Cultural Shift in Accountancy

Report Reveals a Cultural Shift in Accountancy

The latest annual Practice of Now report, by business management solution giant Sage, has revealed a cultural shift in accountancy.

Workforce changes

The Practice of Now 2019 report surveyed 3,000 accountants worldwide and found that 90% believe there has been a cultural shift in accountancy, driving significant changes in hiring practices, business services and attitudes towards emerging technologies.

The report shows that changes in accountancy practice and recruitment are on the way. 82% of accountants said they are considering recruiting from a non-traditional background, while 43% of respondents believe new accountants joining the profession should have industry experience outside accounting.

Recognising that  skill sets such as technological literacy, relationship building and business advisory are becoming increasingly important, 62% of respondents agreed that today’s accounting training programs will not be enough to run a successful practice by 2030. Training programs will need updating so that firms can keep pace with innovation and client expectations.

Although there’s an acknowledged need for more diversity in accountancy, only 30% of firms say they’re actively seeking to diversify their workforce and just 28% have a written policy on diversity and inclusion. Only 23% have offered training and only 21% have altered policies or procedures to promote diversity and inclusion.

Practice changes

Client expectations and demands are evolving, and it seems most accountants are aware of this and preparing for changes ahead. 49% of respondents said they had formally examined their business practices in the last year, with an additional 26% stating having done so in the last five years.

However, accounting and bookkeeping remain the dominant service offering in practices worldwide (79%), despite the significant growth opportunities offered by business advisory services (17%) and outsourced CFO (5%).

85% of respondents felt that the profession in their country needs to increase the pace of its technology adoption to remain competitive internationally.  As to what they believe technology can do for them, 56% cite increases in productivity as the main benefit, while 27% see time savings as its main value. More than half of respondents said they look forward to adopting relevant Artificial Intelligence (AI) applications as they become available, while 35% regarded their firms as early technology adopters, investing readily in the best technology available to stay ahead of competitors and diversify their services.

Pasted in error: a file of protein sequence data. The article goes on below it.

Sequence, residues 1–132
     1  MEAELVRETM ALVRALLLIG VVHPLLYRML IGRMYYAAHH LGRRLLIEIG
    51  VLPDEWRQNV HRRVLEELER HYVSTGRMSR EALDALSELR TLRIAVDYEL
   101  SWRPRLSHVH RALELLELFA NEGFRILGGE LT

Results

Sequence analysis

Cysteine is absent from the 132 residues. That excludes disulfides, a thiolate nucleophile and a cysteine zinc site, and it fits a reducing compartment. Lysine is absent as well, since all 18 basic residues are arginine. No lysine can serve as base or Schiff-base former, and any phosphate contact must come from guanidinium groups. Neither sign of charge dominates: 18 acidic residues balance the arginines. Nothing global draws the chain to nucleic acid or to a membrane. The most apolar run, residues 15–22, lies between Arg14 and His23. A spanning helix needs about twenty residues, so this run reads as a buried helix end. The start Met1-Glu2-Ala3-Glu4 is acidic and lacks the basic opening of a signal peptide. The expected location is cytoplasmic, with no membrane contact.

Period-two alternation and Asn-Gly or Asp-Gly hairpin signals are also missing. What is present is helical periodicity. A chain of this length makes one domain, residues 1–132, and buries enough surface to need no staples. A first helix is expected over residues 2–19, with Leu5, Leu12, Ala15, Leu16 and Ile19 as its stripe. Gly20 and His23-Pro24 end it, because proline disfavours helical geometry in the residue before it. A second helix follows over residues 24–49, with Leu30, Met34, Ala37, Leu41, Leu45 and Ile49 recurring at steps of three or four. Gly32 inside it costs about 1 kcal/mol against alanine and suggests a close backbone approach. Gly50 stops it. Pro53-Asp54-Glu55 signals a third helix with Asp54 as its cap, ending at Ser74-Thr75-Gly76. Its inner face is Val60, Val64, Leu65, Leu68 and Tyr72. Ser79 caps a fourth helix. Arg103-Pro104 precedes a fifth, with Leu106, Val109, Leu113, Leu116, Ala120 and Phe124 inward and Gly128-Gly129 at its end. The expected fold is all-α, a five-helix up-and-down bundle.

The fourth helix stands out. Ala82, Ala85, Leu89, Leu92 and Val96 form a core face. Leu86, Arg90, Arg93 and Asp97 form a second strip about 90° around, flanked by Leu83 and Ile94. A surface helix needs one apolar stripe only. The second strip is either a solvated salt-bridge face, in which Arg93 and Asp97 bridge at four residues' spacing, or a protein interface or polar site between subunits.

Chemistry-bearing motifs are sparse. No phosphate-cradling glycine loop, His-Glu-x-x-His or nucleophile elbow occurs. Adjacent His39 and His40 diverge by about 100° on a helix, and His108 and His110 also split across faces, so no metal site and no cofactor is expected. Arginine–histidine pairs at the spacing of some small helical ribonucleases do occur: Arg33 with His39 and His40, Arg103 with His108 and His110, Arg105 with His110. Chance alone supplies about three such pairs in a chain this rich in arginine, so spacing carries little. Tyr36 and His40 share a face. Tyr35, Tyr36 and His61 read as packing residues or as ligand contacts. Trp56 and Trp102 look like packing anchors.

“Accountants need to carefully evaluate changes in the workplace, paying close attention to skills, training, technology adoption, changing client expectations and diversity within firms” said Jennifer Warawa, EVP of Partners, Accountants and Alliances, at Sage.

“Innovation in these key areas will power the next generation of accountancy firms.”

The practice of the future

The report’s predictions for how accountancy will look in 2030 were:

  1. No manual data entry: Data will flow automatically from clients and their bank accounts into accountants’ systems.
  2. Real-time relationships: The accountant will have a real-time view of their client’s business and will be able to interact with that client instantly, in real- time.
  3. Proactive alerts and notifications: Accountants will know instantly when things change for a client.
  4. Pre-emptive problem solving: Accountants’ time will be spent proactively looking at business problems and seeing errors before they manifest themselves into year-end error corrections.
  5. Higher fees but better value: Accountants will charge more to clients because of their increased value, due to their advisory services. Fees might not grow by that much, but accountants will be able to monetise better.

 

The Practice of Now 2019 is available for download here

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